Computational Thinking for Teacher Education

Communications of the ACM

They were also discussed in 2015 in the Computing at School (CAS) framework and guide for teachers to enable teachers in the U.K. to incorporate computational thinking into their teaching work.10 CSTA/ISTE and CAS also provide pedagogical approaches to embed these capabilities across the curriculum in elementary and secondary classes. For example, CSTA/ISTE describes how the nine core computational thinking concepts and capabilities could be practiced in science classrooms by collecting and analyzing data from experiments (data collection and data analysis) and summarizing that data (data representation). Computational thinking is often mistakenly equated with using computer technology. Algorithms are central to both computer science and computational thinking.


Column: How I learned my own value as a black male teacher

PBS NewsHour

Black males should not have to wait years to experience their first black male teacher, writes our columnist. Editor's Note: Black males represent roughly 2 percent of all public school teachers in the U.S. While nonwhite educators are being hired at a higher proportional rate than white teachers, they're also leaving the teaching profession at a higher rate, according to a 2015 report from the Albert Shanker Institute. Ricky House teaches social studies at Gunston Middle School in Arlington, Virginia. Black male teachers have played a critical role in his professional life as well as in his students' lives.


Learning takes more than teaching. It requires mentoring, training, parents and more

Los Angeles Times

To the editor: Karin Klein's opinion piece suggests mentoring to improve teaching skills. A good idea, but it doesn't address the core of the problem. People talk of "teaching" as if means "magically instill knowledge." It doesn't work that way; learning takes work. My definition: a teacher helps students learn.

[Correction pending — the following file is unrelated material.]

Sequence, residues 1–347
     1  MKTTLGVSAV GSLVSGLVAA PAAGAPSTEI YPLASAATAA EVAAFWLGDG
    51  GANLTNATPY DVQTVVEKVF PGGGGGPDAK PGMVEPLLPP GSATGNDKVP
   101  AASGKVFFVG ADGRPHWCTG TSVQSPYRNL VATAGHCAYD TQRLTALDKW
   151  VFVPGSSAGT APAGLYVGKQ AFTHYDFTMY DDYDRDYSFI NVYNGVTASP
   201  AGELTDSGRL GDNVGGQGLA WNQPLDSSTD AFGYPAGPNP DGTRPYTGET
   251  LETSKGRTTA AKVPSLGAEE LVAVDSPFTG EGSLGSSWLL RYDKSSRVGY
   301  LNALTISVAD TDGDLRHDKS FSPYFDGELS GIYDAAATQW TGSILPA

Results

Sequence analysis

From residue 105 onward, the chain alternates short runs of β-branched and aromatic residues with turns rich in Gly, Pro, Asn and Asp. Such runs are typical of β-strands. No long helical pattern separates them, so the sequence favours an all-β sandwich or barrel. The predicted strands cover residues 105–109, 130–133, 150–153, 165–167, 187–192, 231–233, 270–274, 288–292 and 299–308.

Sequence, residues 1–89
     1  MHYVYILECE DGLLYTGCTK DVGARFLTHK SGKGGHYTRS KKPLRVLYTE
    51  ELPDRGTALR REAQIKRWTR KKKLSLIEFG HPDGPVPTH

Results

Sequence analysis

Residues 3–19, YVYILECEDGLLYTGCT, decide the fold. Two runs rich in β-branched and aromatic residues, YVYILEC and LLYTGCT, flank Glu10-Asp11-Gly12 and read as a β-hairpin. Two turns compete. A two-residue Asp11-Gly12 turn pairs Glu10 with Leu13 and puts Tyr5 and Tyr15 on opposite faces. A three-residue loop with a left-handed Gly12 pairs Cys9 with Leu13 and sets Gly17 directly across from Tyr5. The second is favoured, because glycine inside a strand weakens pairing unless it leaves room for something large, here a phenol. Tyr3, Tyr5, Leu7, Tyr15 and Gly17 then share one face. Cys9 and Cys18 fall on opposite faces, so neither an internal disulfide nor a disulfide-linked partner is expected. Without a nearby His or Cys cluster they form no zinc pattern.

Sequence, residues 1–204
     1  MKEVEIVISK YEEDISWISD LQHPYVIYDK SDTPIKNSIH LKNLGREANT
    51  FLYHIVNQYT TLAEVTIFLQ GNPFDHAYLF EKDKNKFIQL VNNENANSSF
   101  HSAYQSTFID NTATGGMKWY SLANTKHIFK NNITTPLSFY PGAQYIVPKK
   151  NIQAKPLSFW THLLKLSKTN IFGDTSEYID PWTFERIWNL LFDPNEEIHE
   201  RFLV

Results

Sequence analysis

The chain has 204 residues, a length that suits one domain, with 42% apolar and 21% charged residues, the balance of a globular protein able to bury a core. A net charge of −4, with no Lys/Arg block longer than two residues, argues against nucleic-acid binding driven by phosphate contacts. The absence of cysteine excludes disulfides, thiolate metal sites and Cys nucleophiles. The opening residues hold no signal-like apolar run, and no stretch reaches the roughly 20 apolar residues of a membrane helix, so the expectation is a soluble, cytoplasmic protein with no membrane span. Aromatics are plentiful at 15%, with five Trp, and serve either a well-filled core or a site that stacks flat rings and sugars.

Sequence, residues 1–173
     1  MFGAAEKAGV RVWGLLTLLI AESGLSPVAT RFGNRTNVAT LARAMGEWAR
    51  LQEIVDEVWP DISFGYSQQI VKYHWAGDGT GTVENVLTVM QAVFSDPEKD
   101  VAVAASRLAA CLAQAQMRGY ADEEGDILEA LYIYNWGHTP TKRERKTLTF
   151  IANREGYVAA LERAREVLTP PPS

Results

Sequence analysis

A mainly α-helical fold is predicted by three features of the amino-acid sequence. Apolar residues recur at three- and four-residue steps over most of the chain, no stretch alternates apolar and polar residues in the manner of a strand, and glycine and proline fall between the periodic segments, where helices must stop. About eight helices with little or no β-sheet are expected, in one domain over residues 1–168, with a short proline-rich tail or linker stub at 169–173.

If you want your kids to be fully literate, start reading to them when they're babies

Los Angeles Times

To the editor: As professors of developmental and educational psychology, we found this editorial of intense interest, particularly because we have published on the topic of literacy.


What works better than changing tenure laws? Treating teachers like professionals.

Los Angeles Times

To the editor: Sadly, nobody wins in the state Supreme Court's decision not to revisit a lower court ruling allowing teacher tenure rules to stand. Students and parents don't get protection from having weak teachers, and educators in the classroom do not shed the burden of protecting their own, good or bad. Isn't it time to try something new? We could begin by raising starting salaries of novice teachers. Next, make their teacher preparation courses less lecture-oriented.